VIEWS: 5 PAGES: 2 POSTED ON: 2/18/2010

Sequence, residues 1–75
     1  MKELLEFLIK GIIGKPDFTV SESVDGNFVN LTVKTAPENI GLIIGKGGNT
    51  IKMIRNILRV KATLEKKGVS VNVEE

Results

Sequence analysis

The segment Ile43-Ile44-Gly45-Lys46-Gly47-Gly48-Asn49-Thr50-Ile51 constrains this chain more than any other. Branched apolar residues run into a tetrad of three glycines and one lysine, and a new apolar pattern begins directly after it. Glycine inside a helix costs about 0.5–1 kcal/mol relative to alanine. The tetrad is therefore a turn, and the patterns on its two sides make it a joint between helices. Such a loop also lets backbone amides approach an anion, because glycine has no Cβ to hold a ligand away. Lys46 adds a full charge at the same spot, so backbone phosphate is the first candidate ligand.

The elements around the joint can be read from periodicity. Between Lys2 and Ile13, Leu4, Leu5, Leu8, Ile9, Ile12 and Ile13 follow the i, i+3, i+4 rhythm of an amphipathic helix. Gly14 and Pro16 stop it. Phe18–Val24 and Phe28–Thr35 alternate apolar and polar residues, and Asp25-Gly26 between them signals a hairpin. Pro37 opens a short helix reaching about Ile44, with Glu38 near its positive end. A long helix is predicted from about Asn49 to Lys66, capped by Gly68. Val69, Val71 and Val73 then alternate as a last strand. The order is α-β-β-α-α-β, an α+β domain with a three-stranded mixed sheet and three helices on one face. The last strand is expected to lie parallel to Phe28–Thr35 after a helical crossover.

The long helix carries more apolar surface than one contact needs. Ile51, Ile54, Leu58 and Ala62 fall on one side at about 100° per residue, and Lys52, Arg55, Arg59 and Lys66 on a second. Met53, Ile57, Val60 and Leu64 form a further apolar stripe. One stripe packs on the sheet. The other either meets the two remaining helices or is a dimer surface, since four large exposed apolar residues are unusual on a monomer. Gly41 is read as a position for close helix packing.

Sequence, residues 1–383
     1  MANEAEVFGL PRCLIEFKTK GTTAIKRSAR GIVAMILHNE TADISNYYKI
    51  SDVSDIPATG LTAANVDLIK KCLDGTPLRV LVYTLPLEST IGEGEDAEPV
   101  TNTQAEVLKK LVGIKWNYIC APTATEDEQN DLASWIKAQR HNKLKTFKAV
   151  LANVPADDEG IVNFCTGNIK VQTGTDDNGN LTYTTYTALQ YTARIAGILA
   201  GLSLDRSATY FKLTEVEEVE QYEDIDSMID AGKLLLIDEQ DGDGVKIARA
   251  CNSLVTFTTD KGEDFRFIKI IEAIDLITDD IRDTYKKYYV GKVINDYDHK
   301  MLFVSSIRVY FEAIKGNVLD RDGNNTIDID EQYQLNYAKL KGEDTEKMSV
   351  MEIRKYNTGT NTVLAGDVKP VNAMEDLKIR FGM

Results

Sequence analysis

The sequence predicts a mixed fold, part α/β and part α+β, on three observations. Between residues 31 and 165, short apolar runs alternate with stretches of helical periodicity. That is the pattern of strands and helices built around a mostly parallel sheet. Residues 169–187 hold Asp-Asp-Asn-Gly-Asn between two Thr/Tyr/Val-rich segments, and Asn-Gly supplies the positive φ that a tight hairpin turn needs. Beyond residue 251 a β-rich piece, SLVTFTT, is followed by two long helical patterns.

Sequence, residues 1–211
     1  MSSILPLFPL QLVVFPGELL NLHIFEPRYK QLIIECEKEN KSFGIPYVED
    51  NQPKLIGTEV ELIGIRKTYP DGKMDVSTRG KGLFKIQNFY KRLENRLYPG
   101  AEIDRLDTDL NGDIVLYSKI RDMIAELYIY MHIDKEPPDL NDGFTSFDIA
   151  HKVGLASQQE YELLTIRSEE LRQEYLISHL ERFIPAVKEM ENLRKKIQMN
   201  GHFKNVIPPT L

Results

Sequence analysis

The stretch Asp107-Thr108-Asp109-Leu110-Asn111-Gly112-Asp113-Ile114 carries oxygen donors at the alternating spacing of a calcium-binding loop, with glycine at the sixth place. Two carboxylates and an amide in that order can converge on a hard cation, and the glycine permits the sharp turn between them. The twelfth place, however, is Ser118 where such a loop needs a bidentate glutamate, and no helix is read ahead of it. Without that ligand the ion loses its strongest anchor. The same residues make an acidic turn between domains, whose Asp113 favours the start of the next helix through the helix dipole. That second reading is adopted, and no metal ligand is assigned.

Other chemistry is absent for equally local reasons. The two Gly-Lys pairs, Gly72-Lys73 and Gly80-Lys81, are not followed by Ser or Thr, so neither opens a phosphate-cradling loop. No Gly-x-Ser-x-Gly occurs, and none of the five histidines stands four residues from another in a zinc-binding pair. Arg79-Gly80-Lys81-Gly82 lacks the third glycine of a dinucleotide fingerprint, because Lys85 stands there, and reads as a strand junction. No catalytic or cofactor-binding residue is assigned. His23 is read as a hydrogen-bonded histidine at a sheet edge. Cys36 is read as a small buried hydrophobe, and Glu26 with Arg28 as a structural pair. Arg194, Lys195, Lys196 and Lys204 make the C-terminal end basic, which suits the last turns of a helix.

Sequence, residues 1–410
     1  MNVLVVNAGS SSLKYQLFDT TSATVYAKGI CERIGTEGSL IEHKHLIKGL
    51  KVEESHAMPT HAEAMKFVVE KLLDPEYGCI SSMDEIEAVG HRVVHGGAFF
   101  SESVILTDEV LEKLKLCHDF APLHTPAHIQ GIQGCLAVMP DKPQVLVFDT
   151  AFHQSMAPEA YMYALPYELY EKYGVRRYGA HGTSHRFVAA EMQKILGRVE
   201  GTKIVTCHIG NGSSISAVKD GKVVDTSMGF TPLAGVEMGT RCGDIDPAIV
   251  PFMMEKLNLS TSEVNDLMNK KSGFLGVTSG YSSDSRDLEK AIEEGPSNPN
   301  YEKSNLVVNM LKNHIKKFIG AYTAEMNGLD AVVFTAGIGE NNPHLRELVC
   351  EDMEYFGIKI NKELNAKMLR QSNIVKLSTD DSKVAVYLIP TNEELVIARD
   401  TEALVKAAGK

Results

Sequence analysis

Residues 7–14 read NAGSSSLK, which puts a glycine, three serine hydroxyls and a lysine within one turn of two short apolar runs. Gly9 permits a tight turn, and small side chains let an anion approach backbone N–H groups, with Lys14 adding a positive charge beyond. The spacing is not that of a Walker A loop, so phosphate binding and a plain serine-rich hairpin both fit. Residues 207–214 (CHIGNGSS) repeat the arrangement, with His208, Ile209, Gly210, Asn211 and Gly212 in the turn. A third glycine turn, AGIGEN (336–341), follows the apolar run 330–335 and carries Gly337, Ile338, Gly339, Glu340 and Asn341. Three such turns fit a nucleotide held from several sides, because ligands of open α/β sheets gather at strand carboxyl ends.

EU agrees cut in sugar subsidies Sugar farming is a vital business in many of the world's poorer nations A reduction in subsidies for Europe's sugar farmers has been agreed by European Union agriculture ministers, officials in Brussels have confirmed. They have agreed to cut the prices offered to European sugar farmers by 36%, bringing the EU's sugar rules into line with global frameworks. The changes were demanded by the World Trade Organisation, but EU farmers and sugar firms have warned of job losses. The EU had been paying Europe's sugar producers three times the world price. The reform will come into effect in July next year and run until 2015. It should help sugar producing developing nations, but many former European colonies are to suffer, as they also enjoyed access to the EU subsidies. A spokeswoman in Brussels said the "deal has been done" on the basis of "a large qualified majority" of the ministers - in other words, by votes allotted according to states' population but weighted in favour of smaller countries. I know I'll be in a much better position for the [WTO trade] negotiations in December EU farmers wishing to abandon growing sugar beet will now be offered compensation amounting to 64.2% of revenues lost due to the price cuts. At present, the EU pays about 1.5bn euros ($1.8bn, £1bn) annually to support the sugar sector. Change was demanded of the EU after the WTO ruled earlier this year that its existing 40-year-old guaranteed pricing system was illegal. The WTO's judgement followed a formal complaint from Australia, Brazil and Thailand. These three countries will now benefit from a reduction in subsidised European sugar on the global marketplace, along with other smaller, and poorer, sugar producing countries in the developing world. Some 18 sugar producing former European colonies with special access to EU markets will also now be affected by the guaranteed price cut, such as Mauritius, Barbados and Fiji. These so-called ACP countries (African, Caribbean and Pacific) have warned that their sugar cane growers will be less able to cope with the changes than European farmers. Some of the sharpest criticism of the deal has come from the Caribbean where sugar producers have traditionally won a big share of the market in Europe. Oxfam points to the fact that under the new deal, Europe will be able to restrict imports from the Least Developed Countries if they increase their exports to the EU by more than 25% each year.
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